Workplace aggression is any behaviour, be it verbal, written or physical, that leads employees to believe that their personal safety is at risk. With rising stress and job insecurity, workplace aggression is a very real problem and it’s very important to be aware if your workplace is at risk. Employees may be vulnerable to real, physical harm and even the threat of it can lead to serious consequences. Managers and employers must take practical, effective steps to ensure that aggression in the workplace is discouraged and culprits identified as early as possible.

According to a recent report by Safe Work Australia, an overwhelming 65% employees felt unsafe or exposed to aggression at different times while at work. Younger employees were found to be especially a risk. Threats can originate from co-workers, customers, clients, suppliers or any other person an employee may interact with professionally. It is the manager’s responsibility to ascertain employee safety and wellbeing. The fact is that whether situational or chronic, most people display their negative behaviour where they spend a lot their time – at work is invariably one of these places.

Exposure to workplace aggression can result in deterioration of physical, mental and emotional health which in turn may have serious financial implications to the employer as well to the economy. Reports indicate that over recent years, more than $61.8 billion has been paid in compensation for workplace disease and injury claims.

Impending workplace violence can often be identified by a number of red flags. Violence and aggression can be preceded by common acts as whispered conferences at the water cooler or dismissive passive-aggressive behaviour. The victim is often aware of being a target but may be confused about the reason or even the source. Violent behaviour is often covert in nature and can stem from hidden anger or resentment. The perpetrator may try to damage equipment, personal belongings or show his or her anger in clandestine ways.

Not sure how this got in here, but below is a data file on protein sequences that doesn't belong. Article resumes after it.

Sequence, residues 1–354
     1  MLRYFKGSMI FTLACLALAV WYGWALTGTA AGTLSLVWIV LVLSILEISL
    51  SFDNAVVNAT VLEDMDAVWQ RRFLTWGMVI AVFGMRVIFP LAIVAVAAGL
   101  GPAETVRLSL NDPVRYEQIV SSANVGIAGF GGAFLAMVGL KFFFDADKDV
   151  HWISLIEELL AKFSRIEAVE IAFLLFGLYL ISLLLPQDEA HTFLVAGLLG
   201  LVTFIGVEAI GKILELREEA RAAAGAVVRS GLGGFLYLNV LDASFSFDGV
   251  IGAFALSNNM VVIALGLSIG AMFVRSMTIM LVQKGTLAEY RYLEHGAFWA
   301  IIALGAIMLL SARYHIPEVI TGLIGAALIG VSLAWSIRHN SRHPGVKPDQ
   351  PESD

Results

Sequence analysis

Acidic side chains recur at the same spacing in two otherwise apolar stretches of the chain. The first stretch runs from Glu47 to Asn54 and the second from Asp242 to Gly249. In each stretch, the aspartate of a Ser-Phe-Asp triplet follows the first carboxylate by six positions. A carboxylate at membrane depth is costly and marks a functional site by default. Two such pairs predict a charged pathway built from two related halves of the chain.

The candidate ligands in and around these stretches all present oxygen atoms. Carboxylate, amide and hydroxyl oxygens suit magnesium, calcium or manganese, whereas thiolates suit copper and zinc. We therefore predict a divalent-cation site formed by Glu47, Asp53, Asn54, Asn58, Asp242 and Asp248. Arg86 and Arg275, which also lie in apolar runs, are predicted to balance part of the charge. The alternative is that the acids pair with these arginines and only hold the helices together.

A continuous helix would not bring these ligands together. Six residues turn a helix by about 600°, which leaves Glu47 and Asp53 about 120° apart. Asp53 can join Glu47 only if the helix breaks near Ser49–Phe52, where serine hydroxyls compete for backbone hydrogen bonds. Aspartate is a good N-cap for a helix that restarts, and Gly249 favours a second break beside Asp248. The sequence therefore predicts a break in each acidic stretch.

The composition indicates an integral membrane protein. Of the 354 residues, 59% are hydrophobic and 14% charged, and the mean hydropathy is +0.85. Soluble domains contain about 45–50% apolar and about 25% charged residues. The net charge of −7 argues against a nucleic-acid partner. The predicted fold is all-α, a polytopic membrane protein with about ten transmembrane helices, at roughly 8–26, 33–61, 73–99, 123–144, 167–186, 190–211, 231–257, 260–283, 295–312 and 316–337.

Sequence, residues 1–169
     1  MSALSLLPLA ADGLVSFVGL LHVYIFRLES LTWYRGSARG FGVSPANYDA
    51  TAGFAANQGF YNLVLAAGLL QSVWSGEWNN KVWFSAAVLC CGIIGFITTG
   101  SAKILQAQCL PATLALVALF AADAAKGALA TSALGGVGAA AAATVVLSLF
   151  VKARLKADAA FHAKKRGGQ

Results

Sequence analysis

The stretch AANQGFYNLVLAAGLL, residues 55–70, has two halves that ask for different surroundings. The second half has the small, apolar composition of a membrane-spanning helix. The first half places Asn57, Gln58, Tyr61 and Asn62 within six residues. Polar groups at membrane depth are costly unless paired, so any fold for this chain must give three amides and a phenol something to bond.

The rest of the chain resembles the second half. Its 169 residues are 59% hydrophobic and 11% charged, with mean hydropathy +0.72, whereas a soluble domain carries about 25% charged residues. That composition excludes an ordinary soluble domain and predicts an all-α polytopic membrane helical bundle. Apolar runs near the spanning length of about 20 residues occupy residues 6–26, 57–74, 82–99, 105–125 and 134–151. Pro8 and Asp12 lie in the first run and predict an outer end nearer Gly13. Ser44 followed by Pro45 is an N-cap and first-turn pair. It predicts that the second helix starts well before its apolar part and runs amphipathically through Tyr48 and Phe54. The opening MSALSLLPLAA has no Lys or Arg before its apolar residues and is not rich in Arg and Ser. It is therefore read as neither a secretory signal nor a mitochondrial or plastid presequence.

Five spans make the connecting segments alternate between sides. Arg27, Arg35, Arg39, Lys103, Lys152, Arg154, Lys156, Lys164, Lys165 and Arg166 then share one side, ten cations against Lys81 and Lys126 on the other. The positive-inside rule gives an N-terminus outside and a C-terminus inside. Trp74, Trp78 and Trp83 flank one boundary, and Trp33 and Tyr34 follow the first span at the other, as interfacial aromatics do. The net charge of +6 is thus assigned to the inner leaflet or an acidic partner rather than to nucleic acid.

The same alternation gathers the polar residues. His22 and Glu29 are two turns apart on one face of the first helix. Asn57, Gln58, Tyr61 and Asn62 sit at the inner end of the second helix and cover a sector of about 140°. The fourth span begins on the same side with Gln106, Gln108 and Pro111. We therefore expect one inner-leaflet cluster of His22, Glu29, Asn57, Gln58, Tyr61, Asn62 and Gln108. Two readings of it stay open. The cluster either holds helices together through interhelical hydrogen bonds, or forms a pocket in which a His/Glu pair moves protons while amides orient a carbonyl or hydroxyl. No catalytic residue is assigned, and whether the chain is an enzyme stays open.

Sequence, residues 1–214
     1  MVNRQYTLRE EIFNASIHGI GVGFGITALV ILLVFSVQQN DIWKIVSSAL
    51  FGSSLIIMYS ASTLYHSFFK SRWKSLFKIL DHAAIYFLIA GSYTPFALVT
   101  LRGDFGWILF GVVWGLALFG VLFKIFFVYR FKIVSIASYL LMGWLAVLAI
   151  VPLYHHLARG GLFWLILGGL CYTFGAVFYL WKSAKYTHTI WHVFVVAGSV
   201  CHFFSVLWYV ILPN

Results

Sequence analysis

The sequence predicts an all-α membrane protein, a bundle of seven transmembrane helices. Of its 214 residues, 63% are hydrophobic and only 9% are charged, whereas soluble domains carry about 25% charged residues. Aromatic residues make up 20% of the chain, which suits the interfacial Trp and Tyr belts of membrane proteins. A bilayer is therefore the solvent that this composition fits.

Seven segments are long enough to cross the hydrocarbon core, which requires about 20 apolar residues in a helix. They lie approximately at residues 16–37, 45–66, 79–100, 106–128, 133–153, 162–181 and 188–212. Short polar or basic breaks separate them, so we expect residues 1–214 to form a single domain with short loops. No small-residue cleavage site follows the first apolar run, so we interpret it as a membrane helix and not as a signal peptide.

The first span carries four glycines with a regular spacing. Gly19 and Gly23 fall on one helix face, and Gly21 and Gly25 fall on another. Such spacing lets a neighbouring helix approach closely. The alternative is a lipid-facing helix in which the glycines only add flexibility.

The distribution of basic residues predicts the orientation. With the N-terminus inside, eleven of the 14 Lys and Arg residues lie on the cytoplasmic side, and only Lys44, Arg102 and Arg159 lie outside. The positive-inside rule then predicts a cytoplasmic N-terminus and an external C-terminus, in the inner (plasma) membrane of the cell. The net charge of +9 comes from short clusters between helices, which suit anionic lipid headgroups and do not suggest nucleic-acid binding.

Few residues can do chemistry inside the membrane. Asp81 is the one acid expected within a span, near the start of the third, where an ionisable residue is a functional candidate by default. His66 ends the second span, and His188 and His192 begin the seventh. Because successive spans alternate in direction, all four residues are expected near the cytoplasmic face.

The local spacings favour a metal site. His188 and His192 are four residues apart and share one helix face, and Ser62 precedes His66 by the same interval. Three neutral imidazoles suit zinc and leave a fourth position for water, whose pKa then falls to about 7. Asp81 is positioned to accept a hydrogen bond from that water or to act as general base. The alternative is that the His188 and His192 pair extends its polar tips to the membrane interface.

Aggression spreads, creates a toxic office environment and sabotages productivity. Any resulting violence may lead to injuries and legal action including punitive fines or even imprisonment in extreme cases. Heartfelt and personal emotions need a healthy outlet and the formality of the workplace environment usually prevents honest expression of feelings. Hostility has an impact on self-worth and individuals with mental stress issues are especially vulnerable.

As manager, be on the alert for employees who leave angry notes, write abrasive emails to avoid face-to-face communication or do less than they are required to do. Anger can result from real or perceived feelings of victimisation or resentment at being side-lined. The cumulative effect can manifest itself physically as chronic anxiety, depression with elevated risks for blood pressure or heart disease. Behavioural effects could include lack of cooperation, hostile interactions, physically assaulting a colleague or damaging equipment.

A survey conducted by Australia’s Nurses Career Allied Health found an alarming 79% of nurses surveyed admitted to being victims of workplace aggression. The use of recreational drugs and people suffering from mental health issues are regularly featured in news reports resulting in violence to frontline staff such as paramedics, nurses, doctors and security staff. Although particularly prevalent in healthcare aggression is widespread and may and does occur in every kind of workplace.

Excessive micromanagement, frequent criticism, inadequate salary pay-outs and long hours of work can also fuel anger and aggression. More personal factors could include substance abuse, depression or a history of violent behaviour. Aggression can occur at the individual or group level where a group of individuals may victimise a target. It’s very important to be alert to employee wellbeing and safety and to nip aggression in the bud before it blows out of control. Regular, informal talks with your employees can help identify victims of covert aggression. It is useful to include reminders of appropriate behaviour as a topic at regular staff and team meetings and review any critical incidents to enable examination of antecedents and possible remedial actions for prevention. If you observe abnormal behaviour, verbal abuse or threats of physical violence, it’s time to take remedial action immediately.

We, at ESN, are happy to offer our trustworthy services in the field of people risk management. Our experienced consultants can recommend the best solutions for preventing and managing workplace aggression or violence. Please feel free to contact us with your queries and questions regarding workplace psychosocial hazards such as aggression and violence.